Right after speaking the chosen phrase, immediately take your dog away from the child into a room that is free from toys, food and anything else that may excite them. Laundry rooms and bathrooms are great choices for this particular purpose. Leave them in there for about thirty seconds to a minute and then allow them back around the child. If they act out again, march them right back out of the room. It will not be long until they realise that acting out does not get them attention, and in fact leads to them being taken away from their playmates. With consistency and patience, it won’t be long before your dog is trained out of this attention seeking behaviour around your children.
Practice Makes Perfect
When teaching your dog anything new, practice makes perfect. The more that you work with them on controlling their impulses around kids, the better they will get. You should take time out of every day to practice polite behavior in a wide variety of different locations and situations to ensure they are well-adapted and able to cope with anything.
Unfortunately, there are times when dogs have difficulties adapting to children and become aggressive. This is most common in adult dogs who are introduced to children, which is why it is recommended to begin interaction as soon as possible and whilst they are still puppies.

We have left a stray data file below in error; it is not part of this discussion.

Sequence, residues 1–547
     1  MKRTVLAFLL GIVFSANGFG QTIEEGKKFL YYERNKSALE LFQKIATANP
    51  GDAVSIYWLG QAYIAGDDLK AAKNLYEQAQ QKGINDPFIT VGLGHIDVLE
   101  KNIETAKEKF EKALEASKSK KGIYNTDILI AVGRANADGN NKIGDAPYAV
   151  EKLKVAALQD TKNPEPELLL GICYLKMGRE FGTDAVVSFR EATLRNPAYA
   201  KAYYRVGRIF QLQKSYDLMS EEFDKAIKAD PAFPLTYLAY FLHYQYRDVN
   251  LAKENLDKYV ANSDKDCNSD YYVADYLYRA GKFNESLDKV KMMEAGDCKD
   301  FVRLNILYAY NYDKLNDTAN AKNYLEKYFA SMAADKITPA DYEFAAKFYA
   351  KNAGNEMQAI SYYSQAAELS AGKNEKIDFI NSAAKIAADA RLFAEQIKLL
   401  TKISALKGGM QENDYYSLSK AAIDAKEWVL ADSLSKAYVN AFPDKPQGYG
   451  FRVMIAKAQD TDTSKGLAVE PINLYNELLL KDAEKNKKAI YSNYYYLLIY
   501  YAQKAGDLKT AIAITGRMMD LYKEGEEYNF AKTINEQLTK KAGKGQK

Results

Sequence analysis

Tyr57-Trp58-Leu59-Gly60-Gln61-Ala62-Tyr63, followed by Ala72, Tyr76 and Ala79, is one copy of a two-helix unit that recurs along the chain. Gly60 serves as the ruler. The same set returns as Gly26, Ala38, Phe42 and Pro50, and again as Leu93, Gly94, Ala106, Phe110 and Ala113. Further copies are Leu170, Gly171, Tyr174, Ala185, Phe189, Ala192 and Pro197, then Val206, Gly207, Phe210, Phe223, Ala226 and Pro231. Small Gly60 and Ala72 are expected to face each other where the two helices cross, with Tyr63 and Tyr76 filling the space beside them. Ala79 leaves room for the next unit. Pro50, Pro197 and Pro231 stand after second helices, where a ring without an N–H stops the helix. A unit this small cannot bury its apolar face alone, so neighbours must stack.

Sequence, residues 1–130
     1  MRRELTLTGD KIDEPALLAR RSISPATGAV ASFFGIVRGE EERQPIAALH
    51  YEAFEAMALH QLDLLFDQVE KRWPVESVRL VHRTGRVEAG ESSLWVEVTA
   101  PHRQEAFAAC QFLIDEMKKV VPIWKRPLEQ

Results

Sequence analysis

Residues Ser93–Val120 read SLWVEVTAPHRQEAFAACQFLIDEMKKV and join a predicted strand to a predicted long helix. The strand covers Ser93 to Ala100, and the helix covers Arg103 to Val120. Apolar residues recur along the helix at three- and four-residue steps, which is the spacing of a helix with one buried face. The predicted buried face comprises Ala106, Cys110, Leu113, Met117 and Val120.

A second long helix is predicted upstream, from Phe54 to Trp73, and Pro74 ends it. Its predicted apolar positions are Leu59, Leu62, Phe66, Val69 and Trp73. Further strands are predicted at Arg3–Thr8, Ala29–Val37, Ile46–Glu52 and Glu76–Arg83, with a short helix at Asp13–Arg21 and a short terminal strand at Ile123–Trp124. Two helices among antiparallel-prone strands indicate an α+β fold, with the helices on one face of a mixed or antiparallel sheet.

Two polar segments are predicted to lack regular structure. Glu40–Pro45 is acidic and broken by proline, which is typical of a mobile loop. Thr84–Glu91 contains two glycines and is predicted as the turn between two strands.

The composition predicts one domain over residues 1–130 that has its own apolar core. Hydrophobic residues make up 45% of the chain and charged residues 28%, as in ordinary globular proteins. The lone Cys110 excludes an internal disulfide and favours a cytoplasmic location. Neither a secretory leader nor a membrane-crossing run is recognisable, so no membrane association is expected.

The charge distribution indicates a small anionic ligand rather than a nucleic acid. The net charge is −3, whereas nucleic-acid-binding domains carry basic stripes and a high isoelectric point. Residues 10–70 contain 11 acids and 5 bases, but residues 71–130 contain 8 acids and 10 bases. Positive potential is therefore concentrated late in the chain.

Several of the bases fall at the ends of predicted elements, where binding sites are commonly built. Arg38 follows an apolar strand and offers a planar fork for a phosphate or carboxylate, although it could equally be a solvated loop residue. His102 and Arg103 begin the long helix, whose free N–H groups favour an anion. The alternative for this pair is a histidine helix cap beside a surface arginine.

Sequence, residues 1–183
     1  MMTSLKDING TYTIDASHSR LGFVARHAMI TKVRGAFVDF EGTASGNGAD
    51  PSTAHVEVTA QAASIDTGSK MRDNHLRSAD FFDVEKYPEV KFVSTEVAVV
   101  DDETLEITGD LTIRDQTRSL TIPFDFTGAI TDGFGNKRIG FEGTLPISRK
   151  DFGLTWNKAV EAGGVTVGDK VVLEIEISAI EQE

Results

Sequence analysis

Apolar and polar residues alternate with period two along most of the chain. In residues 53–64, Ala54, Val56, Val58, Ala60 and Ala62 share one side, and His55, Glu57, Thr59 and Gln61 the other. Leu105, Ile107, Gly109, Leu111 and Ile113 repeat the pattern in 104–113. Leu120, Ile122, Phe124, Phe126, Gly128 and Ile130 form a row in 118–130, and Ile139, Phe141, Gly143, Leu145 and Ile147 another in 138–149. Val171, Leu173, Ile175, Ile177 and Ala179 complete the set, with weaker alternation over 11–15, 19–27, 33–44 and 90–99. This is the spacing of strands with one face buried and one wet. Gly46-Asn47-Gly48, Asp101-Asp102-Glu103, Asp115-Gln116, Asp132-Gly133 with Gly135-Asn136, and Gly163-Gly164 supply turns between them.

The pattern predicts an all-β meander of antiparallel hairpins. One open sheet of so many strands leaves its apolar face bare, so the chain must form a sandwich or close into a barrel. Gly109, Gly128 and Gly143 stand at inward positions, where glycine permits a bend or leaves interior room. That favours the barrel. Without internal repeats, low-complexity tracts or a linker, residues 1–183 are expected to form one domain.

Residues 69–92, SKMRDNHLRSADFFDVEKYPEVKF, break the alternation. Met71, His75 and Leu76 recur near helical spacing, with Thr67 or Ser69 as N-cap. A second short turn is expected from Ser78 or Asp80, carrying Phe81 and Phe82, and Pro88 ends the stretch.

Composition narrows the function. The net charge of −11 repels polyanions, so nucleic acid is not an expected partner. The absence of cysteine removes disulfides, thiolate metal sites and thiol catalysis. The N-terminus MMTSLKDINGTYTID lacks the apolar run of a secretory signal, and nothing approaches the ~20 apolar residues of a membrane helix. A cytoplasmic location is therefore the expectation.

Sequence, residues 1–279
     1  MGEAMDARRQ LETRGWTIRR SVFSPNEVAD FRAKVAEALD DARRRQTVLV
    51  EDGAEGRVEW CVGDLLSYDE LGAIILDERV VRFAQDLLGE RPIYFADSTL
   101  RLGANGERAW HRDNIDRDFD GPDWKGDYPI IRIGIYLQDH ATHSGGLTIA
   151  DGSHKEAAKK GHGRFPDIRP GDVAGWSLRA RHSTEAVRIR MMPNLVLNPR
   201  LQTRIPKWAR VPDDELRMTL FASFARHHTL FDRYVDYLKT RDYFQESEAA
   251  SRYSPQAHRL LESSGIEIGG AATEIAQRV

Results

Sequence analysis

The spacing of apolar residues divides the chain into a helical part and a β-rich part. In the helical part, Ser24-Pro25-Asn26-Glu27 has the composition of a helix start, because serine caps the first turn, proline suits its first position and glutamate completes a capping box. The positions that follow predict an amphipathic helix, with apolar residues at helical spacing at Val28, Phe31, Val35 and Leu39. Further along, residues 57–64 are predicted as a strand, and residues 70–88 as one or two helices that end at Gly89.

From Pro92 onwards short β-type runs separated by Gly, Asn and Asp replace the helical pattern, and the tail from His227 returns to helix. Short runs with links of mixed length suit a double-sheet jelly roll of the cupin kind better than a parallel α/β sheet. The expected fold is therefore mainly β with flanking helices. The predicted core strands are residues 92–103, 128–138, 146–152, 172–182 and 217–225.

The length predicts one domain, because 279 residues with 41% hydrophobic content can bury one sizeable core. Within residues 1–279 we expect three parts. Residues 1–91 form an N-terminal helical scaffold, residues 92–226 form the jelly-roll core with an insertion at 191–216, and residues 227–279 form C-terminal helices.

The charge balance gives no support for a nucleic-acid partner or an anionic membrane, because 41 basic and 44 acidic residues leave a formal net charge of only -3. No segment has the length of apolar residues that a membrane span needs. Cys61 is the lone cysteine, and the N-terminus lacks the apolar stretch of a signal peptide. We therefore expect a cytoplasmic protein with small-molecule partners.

Dogs that are aggressive should never be left alone with children, no matter what the circumstances may be. Potentially dangerous behaviours such as growling, lunging or snapping at the child should never be ignored, and professional help should be sought as soon as possible.
A reputable dog trainer or behavorist will have the skills, knowledge and experience that will be needed to help you modify or manage your dog’s aggression. Ask around your local community, specifically your veterinarian, for recommended professionals, and be sure that the expert that you choose to work with has extensive experience when it comes to treating aggressive dogs.
Whilst developing a friendship between your furry friend and children will not happen overnight, a little patience and consistency can ensure that your child and dog can live together safely and happily!